Police Make Arrest in London Bombings
Police confirm that one man has been arrested and is in custody.
Four of the suspects in the West Yorkshire area of England are believed to have been suicide bombers – three in the city's subway system and another on a double-decker bus, setting off their explosives almost simultaneously.
Police had "strong forensic and other evidence" that the man who carried a bomb onto a subway train that exploded between the Aldgate and Liverpool Street stations was killed in the blast, said Peter Clarke, head of the Metropolitan Police anti-terrorist branch, in a news conference. Confirmation from the coroner is being awaited.
Another suspect was reported missing by his family at 10 a.m. Thursday, and some of his property was found on the bus in which 13 died, Clarke said.
Closed-circuit TV video showed the four arriving at King's Cross station by 8:30 a.m. on Thursday, some 20 minutes before the blasts began, he told reporters.
The official death toll from Thursday now stands at 52, though that number is likely to climb as more bodies are retrieved from the Underground.
Meanwhile, in Leeds, about 185 miles north of London, British soldiers have reportedly searched residences in the area for additional explosives and computers. Police said materials found in their investigations could be harmful to the public, but provided no further details and asked people to remain vigilant.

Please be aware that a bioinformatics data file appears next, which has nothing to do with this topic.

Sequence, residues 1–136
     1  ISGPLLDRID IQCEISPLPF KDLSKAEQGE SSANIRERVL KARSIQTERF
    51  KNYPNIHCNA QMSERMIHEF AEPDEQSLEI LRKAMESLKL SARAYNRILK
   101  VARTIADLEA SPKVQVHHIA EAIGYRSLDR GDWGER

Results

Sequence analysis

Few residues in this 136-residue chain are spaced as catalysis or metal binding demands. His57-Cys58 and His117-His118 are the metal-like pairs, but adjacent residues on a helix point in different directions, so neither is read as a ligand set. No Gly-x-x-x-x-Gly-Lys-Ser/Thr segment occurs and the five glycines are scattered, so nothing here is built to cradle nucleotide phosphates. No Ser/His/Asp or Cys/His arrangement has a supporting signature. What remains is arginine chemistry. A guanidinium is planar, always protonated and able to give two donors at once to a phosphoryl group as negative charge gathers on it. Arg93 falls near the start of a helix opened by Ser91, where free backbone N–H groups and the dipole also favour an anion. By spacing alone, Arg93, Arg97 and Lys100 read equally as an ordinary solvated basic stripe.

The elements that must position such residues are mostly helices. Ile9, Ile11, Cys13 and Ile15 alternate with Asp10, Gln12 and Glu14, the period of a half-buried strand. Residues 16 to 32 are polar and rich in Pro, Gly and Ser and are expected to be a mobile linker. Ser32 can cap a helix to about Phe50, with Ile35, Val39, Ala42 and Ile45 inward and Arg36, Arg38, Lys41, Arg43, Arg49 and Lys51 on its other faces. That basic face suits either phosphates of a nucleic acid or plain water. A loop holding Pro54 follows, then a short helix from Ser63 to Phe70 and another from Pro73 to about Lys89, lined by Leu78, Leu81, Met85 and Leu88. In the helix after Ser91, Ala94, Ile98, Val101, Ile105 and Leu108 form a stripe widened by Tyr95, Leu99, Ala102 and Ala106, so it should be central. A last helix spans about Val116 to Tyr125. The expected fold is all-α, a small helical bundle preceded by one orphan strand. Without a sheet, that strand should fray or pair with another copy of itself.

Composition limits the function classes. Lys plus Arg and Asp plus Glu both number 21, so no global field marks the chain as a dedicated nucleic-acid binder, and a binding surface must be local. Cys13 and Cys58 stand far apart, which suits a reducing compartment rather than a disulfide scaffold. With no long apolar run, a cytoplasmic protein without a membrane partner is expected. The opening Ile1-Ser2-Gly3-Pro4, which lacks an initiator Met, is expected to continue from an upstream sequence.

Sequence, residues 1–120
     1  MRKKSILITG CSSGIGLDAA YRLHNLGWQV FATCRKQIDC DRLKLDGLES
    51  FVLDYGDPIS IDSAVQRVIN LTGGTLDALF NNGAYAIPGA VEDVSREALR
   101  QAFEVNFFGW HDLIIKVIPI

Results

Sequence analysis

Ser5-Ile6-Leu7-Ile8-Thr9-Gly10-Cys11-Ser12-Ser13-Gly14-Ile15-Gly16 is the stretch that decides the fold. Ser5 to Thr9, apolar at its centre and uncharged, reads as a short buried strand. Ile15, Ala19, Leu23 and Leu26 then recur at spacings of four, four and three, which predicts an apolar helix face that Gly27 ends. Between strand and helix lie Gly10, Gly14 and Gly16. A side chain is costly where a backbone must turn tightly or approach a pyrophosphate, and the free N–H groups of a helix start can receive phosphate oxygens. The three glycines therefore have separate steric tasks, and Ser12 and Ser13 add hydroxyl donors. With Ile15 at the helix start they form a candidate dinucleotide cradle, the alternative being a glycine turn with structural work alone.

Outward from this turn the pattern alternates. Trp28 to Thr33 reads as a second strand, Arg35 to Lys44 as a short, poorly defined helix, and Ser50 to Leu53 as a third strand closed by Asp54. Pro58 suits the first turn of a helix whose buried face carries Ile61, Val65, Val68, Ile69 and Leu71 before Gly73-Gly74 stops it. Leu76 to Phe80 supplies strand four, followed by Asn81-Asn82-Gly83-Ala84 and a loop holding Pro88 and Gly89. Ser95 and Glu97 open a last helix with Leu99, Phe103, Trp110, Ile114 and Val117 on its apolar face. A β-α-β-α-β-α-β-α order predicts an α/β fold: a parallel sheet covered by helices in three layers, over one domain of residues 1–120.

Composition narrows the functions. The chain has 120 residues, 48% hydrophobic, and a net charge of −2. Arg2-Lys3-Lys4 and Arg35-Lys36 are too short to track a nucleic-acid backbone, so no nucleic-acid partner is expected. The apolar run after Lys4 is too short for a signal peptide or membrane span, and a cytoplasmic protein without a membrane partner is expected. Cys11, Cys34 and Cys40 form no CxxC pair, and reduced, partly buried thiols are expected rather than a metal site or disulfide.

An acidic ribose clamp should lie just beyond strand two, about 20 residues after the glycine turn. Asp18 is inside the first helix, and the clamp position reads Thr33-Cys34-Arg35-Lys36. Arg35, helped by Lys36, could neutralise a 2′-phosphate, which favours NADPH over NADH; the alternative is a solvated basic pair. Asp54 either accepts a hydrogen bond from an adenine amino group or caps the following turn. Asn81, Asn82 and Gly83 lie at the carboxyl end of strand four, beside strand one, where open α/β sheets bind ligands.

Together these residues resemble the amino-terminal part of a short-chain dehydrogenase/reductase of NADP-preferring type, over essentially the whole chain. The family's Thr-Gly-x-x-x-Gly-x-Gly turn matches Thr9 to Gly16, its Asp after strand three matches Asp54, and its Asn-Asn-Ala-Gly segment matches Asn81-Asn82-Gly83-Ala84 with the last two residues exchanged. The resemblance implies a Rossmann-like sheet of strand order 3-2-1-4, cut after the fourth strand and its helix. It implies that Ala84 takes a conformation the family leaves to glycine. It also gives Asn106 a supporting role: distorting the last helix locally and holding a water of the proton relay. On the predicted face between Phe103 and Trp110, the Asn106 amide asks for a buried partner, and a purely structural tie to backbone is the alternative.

London police called its series of raids part of a "pre-planned, intelligence-led operation."
Police also shut down a rail station in Luton, 30 miles north of London, as they removed a controlled explosive on a car they suspect is linked to the terrorist attacks, according to the British Press Association.
Back in London, Prime Minister Tony Blair went to City Hall to sign a book of condolence for the victims. He wrote: "With deep condolences for all those who lost their lives and for their families who mourn and with heartfelt admiration for London, the greatest capital city in the world."